EASA CAT-1 Fixed Wing or Rotary Wing (FW or RW)
ITPS provides EASA CAT-1, FCL.820-compliant test pilot (experimental) and flight test engineer courses, available for Fixed Wing (Part 23 or 25) and Rotary wing (Part 27 or 29).
The flying program comprises in excess of 350 lecture hours and 100 flight hours. A minimum of 10 aircraft types, including a Variable Stability In-Flight Simulator for the civil CAT-1 option.
Designed for civil pilots and engineers who upon graduation will be employed in experimental flight tests, this course is accredited by the Society of Flight Test Engineers (SFTE). Topics include:
- Aircraft Performance Flight Tests
- Aircraft Flight Control System assessment and testing
- Digital Flight Control Systems design and certification
- Aircraft Flying Qualities testing
- Avionics and Human Machine Interface testing
- Aircraft Powerplant and Systems testing
- Aircraft Structures and Loads testing
Start date: Jan and June annually
The new facility features a 27,000 sq.ft. hangar, big enough to house ITPS’s expanding fleet of aircraft. The administration and classroom building have been extended by 15,000 square feet and feature six additional classrooms, a simulator centre, a state of the art Telemetry Room, additional student facilities and change rooms. The new building features additional briefing rooms, a flight crew ready room and much enlarged canteen area.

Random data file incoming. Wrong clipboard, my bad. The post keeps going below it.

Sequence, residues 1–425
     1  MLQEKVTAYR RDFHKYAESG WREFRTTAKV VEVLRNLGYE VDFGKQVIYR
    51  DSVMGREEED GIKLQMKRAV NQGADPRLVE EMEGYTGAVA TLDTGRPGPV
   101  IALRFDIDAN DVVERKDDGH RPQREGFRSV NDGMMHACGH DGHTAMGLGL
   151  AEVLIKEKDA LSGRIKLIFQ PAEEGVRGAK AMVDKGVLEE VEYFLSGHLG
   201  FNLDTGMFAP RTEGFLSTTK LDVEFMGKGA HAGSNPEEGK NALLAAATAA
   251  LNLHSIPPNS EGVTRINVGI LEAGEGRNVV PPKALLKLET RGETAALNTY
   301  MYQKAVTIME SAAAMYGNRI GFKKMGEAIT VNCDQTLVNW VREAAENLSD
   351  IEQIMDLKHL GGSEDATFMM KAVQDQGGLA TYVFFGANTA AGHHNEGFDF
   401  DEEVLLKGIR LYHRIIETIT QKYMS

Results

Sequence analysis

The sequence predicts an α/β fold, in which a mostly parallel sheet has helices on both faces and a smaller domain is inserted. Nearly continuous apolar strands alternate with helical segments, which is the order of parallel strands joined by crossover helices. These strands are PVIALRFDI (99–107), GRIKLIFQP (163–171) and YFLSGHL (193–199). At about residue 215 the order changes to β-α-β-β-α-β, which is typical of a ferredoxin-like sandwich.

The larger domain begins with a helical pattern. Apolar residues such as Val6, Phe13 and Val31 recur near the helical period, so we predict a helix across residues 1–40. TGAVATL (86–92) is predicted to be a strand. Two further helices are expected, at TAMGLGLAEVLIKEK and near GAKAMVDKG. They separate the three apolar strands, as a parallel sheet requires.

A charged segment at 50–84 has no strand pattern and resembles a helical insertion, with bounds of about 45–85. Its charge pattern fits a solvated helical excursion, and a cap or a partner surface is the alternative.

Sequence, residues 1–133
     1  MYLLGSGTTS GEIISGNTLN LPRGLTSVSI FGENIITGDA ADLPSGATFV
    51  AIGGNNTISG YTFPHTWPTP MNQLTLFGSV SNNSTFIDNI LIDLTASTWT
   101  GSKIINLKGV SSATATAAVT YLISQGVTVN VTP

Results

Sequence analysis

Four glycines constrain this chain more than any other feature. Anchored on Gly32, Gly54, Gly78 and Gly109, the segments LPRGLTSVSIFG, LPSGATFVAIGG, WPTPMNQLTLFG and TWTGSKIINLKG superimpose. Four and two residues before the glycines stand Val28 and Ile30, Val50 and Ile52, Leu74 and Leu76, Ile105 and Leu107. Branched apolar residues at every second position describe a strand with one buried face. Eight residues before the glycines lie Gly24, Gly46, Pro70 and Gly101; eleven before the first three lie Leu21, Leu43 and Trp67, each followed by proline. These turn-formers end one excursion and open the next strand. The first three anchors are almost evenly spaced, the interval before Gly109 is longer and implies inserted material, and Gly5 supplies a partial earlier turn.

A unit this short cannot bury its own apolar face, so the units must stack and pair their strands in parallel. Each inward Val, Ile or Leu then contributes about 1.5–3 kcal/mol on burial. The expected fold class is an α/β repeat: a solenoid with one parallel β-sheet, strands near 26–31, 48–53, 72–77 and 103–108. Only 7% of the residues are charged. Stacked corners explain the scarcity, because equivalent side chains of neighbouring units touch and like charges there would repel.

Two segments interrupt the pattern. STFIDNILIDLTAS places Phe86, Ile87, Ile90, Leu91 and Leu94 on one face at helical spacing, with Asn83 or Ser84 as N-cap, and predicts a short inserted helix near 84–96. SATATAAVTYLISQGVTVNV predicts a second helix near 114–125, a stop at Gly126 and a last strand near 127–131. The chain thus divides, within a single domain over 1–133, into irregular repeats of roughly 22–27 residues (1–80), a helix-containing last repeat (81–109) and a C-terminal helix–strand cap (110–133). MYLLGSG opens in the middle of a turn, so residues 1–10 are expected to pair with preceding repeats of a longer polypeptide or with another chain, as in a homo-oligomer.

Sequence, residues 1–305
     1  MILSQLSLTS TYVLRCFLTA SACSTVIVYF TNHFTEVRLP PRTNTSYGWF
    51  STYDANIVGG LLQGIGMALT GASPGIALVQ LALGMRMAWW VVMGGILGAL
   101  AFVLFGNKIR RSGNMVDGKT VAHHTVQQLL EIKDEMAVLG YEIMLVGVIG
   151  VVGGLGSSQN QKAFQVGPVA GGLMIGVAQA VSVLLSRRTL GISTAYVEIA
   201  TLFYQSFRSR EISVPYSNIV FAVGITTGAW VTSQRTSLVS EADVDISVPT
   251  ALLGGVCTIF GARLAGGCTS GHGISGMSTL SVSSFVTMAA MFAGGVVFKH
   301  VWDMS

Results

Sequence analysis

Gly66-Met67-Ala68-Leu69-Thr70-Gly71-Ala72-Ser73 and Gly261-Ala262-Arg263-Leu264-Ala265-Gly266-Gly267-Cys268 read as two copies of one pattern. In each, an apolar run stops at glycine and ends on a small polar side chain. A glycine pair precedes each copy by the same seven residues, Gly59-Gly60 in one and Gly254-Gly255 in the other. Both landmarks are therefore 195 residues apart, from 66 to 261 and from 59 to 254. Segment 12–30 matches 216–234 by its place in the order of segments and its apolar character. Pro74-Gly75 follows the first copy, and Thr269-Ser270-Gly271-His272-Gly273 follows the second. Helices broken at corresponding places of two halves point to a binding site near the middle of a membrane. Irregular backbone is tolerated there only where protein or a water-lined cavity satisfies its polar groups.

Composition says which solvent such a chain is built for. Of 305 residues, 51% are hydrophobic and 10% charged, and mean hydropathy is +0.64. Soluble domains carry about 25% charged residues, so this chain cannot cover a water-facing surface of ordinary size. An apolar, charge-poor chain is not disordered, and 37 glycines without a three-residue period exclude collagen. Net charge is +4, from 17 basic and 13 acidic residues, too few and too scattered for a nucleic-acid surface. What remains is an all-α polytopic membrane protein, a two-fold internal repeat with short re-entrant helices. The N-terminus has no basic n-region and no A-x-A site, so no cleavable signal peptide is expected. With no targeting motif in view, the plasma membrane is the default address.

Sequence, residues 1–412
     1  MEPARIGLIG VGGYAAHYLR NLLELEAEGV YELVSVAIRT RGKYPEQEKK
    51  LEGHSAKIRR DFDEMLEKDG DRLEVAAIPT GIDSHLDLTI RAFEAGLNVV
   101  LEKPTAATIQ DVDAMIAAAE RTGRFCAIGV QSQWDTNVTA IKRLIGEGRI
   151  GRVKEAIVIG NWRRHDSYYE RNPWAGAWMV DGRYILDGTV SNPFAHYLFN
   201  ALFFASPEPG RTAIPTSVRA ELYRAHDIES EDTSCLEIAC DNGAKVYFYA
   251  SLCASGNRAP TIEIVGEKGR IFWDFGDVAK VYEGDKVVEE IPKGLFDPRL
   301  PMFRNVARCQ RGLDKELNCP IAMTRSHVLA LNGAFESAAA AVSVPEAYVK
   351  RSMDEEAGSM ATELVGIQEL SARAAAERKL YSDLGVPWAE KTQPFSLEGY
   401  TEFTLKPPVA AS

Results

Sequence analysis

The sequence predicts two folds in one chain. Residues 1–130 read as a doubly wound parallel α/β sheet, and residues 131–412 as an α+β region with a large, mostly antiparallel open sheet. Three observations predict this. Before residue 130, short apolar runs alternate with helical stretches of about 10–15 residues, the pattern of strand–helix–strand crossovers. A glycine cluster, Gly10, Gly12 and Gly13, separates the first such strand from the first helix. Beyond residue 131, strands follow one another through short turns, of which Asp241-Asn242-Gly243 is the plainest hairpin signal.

CYXU is a modern regional airport 5 nm north east of the city of London, Ontario. The airport is an international gateway airport with direct flights from Chicago and Detroit and Immigration and Customs facilities. It is as of 2009 the 20th busiest airport in Canada, which makes for efficient school operations with little to no delays due to traffic. The airport is south of Toronto and outside the Toronto (CYYZ) FIR and has close access to large sections of Class E and G airspace minimizing transit times for the execution of flight exercises which can be flown up to FL180 on a VFR flight plan but are Controlled VFR (CVFR) with flight control by Toronto Center above 12000 feet. Two dedicated test areas Delta and Juliet a low altitude one to 12000 and a high altitude one over Lake Huron, up to FL350, north west of London may be used by the school under an agreement with NAV Canada, the Canadian Air Traffic Control Authority. The school therefore enjoys a very favourable air traffic environment for its training operations.